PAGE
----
Collection, Inc. v. Coleman, 83 S.W.3d 801, 806 (Tex. 2002).Personal Jurisdiction
"Texas courts may assert personal jurisdiction over a nonresident defendant only if the Texas long-arm statute
authorizes jurisdiction and the exercise of jurisdiction is consistent with federal and state due process
standards." Id. (citing Guardian Royal Exch. Assur. Ltd. v. English China Clays, P.L.C., 815 S.W.2d 223, 226
(Tex. 1991); see Tex. Civ. Prac. & Rem. Code Ann. §§ 17.041-045 (Vernon 2008) (Texas's long-arm statute).
The long-arm statute allows Texas courts to exercise jurisdiction over a nonresident defendant that "does
business" in the state. Tex. Civ. Prac. & Rem. Code Ann. § 17.042 (Vernon 2008).
In addition to other acts that may constitute doing business, a nonresident does business in this state if the
(1) contracts by mail or otherwise with a Texas resident and either party is to perform the contract in whole or
in part in this state;
(2) commits a tort in whole or in part in this state; or
(3) recruits Texas residents, directly or through an intermediary located in this state, for employment inside or
outside this state.
This list, however, is not exhaustive. BMC Software, 83 S.W.3d at 795. The Texas Supreme Court has held
that "section 17.042's broad language extends Texas courts' personal jurisdiction as far as the federal
constitutional requirements of due process will permit." Id. (citation omitted).
Initially, the plaintiff bears the burden of pleading allegations sufficient to bring a nonresident defendant within
the terms of the Texas long-arm statute. Am. Type Culture Collection, 83 S.W.3d at 807. However, when a
nonresident defendant files a special appearance, that defendant assumes the burden of negating all bases
of personal jurisdiction that the plaintiff has alleged. Id.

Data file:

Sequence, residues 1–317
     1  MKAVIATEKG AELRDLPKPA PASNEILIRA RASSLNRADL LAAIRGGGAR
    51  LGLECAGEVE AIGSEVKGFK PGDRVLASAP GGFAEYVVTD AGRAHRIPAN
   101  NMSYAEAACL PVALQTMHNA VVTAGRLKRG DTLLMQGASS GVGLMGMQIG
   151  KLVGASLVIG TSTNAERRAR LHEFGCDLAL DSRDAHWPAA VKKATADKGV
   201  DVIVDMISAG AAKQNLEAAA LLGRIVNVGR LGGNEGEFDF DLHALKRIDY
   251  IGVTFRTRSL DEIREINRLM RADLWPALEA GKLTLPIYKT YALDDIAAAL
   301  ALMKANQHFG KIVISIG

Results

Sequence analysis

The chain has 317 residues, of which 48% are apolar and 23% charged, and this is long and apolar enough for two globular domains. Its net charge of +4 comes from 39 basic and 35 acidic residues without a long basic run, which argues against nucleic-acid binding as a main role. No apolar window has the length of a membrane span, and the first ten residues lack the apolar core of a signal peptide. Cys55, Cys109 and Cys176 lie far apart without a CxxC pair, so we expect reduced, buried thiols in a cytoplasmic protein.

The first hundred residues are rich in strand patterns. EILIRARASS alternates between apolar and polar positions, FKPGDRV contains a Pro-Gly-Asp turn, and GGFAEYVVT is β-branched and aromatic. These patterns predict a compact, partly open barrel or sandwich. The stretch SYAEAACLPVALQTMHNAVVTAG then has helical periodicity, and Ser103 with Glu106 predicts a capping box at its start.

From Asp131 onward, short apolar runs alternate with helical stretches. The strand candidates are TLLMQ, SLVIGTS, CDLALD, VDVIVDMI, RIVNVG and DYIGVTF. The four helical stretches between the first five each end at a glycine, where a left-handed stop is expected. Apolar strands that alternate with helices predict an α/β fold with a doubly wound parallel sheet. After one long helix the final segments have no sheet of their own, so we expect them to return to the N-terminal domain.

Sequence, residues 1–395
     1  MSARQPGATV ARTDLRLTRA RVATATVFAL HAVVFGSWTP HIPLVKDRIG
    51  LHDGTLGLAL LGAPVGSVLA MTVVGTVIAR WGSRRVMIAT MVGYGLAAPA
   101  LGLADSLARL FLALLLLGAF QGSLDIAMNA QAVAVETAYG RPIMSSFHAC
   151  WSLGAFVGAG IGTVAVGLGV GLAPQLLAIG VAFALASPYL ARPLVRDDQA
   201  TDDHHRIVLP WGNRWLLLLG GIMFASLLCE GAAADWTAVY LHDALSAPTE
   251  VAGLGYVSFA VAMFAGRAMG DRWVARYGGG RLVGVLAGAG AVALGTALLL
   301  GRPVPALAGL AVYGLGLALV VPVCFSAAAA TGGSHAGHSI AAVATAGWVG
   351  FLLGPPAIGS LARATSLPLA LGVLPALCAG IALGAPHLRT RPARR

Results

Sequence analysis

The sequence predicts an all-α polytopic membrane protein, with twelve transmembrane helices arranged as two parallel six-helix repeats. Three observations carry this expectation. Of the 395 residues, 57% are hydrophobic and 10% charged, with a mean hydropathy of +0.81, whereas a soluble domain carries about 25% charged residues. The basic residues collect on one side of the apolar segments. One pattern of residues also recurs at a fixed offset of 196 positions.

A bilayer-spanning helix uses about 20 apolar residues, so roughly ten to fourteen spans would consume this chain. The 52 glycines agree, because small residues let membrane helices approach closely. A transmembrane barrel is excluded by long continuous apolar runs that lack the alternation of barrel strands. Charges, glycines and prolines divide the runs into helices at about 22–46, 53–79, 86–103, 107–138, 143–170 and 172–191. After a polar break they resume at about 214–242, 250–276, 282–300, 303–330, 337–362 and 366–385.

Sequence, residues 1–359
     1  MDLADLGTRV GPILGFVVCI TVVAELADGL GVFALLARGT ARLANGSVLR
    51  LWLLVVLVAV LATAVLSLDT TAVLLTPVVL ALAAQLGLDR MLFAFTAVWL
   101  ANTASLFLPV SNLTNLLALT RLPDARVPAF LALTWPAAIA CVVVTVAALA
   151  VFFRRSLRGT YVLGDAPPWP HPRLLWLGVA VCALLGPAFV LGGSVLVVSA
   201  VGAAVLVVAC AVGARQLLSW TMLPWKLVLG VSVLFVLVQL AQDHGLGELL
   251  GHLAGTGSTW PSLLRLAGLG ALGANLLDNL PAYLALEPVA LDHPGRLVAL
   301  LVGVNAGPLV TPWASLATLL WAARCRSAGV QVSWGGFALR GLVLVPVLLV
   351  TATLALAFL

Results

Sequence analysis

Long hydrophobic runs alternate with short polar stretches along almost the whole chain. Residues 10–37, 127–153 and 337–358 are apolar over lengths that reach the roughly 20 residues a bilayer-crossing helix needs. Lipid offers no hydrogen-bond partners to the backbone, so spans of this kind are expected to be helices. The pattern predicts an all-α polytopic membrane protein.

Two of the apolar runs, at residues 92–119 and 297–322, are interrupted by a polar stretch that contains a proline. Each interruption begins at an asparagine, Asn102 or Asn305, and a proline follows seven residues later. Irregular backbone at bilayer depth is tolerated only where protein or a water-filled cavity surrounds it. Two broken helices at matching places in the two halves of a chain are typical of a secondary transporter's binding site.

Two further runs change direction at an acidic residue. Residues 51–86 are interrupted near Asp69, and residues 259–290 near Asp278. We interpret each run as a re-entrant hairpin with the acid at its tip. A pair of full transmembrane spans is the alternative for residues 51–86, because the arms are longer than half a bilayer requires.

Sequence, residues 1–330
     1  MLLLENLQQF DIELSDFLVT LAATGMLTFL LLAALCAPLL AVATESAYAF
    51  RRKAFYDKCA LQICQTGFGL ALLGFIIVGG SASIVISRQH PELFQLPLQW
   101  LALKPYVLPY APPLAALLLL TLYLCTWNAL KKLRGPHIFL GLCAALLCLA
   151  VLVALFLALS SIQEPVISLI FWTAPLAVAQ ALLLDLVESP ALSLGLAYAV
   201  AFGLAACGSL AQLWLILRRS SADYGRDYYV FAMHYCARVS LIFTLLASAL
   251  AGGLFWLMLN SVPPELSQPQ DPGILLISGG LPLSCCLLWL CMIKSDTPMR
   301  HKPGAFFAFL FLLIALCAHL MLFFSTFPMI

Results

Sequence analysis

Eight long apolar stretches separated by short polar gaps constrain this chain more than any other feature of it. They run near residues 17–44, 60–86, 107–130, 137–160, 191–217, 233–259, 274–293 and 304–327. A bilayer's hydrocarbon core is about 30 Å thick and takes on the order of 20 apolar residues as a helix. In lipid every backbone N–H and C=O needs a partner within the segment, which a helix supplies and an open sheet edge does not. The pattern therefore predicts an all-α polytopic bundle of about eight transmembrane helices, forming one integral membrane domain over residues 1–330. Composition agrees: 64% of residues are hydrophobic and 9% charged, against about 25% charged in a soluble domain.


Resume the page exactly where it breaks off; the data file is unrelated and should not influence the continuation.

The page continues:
Personal jurisdiction over nonresident defendants is constitutional when two conditions are met: (1) the
defendant has established minimum contacts with the forum state and (2) the exercise of jurisdiction comports
with traditional notions of fair play and substantial justice. Id. at 806 (citing Int'l Shoe Co. v. Washington, 326
U.S. 310, 316, 66 S. Ct. 154, 158 (1945)). A nonresident defendant's minimum contacts must derive from
purposeful availment: a nonresident defendant must have "purposefully availed" itself of the privileges and
benefits of conducting business in the foreign jurisdiction to establish sufficient contacts with the forum to
confer personal jurisdiction. Id. (citing Burger King Corp. v. Rudzewicz, 471 U.S. 462, 474-76, 105 S. Ct. 2174,
2183-84 (1985)); Xenos Yuen v. Fisher, 227 S.W.3d 193, 200 (Tex. App.--Houston [1st Dist.] 2007, no pet.).
An act or acts "by which the defendant purposefully avails itself of the privilege of conducting activities" in
Texas and "thus invok[es] the benefits and protections" of Texas law, constitutes sufficient contact with Texas
to confer personal jurisdiction. Michiana Easy Livin' Country, Inc. v. Holten, 168 S.W.3d 777, 784 (Tex. 2005)
(emphasis in original) (quoting Hanson v. Denckla, 357 U.S. 235, 253, 78 S. Ct. 1228, 1240 (1958)).
We consider three elements of purposeful availment. See Michiana Easy Livin' Country, 168 S.W.3d at 785;
see First Oil PLC v. ATP Oil & Gas Corp., No. 01-07-00703-CV, 2008 WL 2186781, *12 (Tex. App.--Houston
[1st Dist.] May 22, 2008, no pet.). First, we consider only the defendant's own actions, not those of the plaintiff
or any other third party. Michiana Easy Livin' Country, 168 S.W.3d at 785; First Oil PLC, 2008 WL 2186781 at